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Boston firepower lacking, FBI says

Calls city vulnerable to a terrorist attack; Urges arming police with assault rifles

By Jonathan Saltzman and Maria Cramer
Globe Staff / August 19, 2009

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Boston is making itself vulnerable to a terrorist attack like the rampage in Mumbai last year by not adequately arming its police with the semiautomatic assault rifles widely available to officers in many of the nation’s other major cities, the top FBI agent in Boston said yesterday.

Not only could the police force not easily defend against an attack by well-armed terrorists, but the absence of weapons could actually make the city a target, said Warren T. Bamford, the special agent in charge of the local FBI field office.

He said a recently shelved plan to arm as many as 200 neighborhood officers with the weapons “should be revisited sooner rather than later.’’

“There’s no imminent threat,’’ Bamford told the Globe.

But, “all things being equal, if a terrorist decides, ‘OK, we’re going to do something like what took place in Mumbai,’ well, where would you go?’’ Bamford said. “If you have a choice of a metropolitan city, would I go to New York, with 40,000 police officers, would I go to Los Angeles, with 8,000, or would I go to Boston, with 3,500? . . . And I know there’s no assault rifles in the Boston Police Department?’’

Bamford said he had discussed the issue of assault rifles with Boston Police Commissioner Edward F. Davis, whose original plan met resistance from Mayor Thomas M. Menino and community leaders. But Bamford said he had not been pressured to publicly defend the program.

The Globe first reported in May on the initiative to arm 200 officers with M16 rifles provided free by the US military, based on accounts from law enforcement officials who had been briefed about it and spoke on the condition of anonymity because they did not have permission to discuss it publicly.

Davis said yesterday that his original plan was considerably less ambitious than was reported and only entailed arming 12 to 24 specially trained officers at any one time.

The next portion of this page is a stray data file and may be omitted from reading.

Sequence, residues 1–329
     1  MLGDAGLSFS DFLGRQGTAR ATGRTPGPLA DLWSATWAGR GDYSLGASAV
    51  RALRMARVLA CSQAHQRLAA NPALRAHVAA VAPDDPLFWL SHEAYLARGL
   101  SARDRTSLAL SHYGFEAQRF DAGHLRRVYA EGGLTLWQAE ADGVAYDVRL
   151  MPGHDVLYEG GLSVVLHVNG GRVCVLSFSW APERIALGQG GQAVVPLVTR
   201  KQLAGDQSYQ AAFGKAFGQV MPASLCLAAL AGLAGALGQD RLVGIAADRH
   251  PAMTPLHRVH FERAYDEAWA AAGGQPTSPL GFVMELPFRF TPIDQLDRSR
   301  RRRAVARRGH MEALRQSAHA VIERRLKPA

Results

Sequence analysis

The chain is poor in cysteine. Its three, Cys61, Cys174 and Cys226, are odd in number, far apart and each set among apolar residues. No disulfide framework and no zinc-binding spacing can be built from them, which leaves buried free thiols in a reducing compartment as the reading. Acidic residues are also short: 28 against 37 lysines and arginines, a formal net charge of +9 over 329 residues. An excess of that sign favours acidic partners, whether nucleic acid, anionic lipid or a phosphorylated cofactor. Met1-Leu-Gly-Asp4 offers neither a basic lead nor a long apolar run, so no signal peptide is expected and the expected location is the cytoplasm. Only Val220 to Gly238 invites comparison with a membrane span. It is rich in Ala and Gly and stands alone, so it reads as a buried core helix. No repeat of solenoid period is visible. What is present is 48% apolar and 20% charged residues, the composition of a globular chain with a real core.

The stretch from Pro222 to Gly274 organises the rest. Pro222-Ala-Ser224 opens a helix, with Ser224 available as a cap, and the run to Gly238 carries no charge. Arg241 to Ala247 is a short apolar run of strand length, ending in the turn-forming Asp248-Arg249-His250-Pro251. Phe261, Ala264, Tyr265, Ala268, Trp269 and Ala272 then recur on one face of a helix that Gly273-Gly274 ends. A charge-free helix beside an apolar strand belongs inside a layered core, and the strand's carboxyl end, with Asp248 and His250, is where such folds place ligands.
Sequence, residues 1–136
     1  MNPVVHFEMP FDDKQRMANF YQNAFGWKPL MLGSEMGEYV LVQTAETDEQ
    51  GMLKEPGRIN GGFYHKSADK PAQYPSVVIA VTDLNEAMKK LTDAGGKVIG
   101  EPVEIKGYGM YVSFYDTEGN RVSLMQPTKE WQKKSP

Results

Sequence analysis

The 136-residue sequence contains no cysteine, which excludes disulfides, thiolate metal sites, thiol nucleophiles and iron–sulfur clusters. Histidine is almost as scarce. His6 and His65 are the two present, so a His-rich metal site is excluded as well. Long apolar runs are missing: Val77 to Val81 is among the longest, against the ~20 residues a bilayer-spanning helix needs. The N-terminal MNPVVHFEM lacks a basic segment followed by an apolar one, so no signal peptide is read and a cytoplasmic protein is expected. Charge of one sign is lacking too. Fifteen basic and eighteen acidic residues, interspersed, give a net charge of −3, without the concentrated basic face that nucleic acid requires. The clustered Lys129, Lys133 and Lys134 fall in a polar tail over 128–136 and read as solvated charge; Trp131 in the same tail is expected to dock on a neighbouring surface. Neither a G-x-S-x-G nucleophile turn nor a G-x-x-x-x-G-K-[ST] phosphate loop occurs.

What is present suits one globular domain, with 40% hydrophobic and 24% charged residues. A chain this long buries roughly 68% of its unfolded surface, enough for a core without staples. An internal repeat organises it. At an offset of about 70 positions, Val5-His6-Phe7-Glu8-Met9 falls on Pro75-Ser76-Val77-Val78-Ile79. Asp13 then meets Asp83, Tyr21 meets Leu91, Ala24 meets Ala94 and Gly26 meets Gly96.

He has since scaled back even that plan, he said, and about two weeks ago deployed a limited number of “gun cars,’’ specially equipped sport utility vehicles supplied with high-power assault rifles, to patrol the city 24 hours a day. He declined to say how many such vehicles were deployed, but said that previously such cars were on the streets only 16 hours a day.

“The mayor has made it clear, and I agree, that this is not a weapon that an average patrol officer should have in his car or slung over his shoulder,’’ Davis said.

Menino could not be reached for comment. His spokeswoman, Dot Joyce, said Menino feels that the weapons should be made available to only a limited number of officers within specialized units, not patrol officers.

Community leaders seemed even cooler to the idea yesterday despite Bamford’s warning, saying such weapons could unnecessarily frighten residents.

“I haven’t heard a good argument yet why we need them,’’ said the Rev. William E. Dickerson II, pastor of Greater Love Tabernacle in Dorchester. “If I saw an officer with that gun, I would think, ‘Man, there must be something going down that we don’t know about for them to be taking it to that level.’ ’’

The plan initially reported called for equipping specialized units, such as the bomb squad and harbor patrol, with high-powered, long-range M16 rifles first and then distributing them to patrol officers in neighborhood precincts over the next several months.

But community leaders decried the idea, and Menino, who said he was not briefed on the proposal until shortly before it was reported, announced his opposition.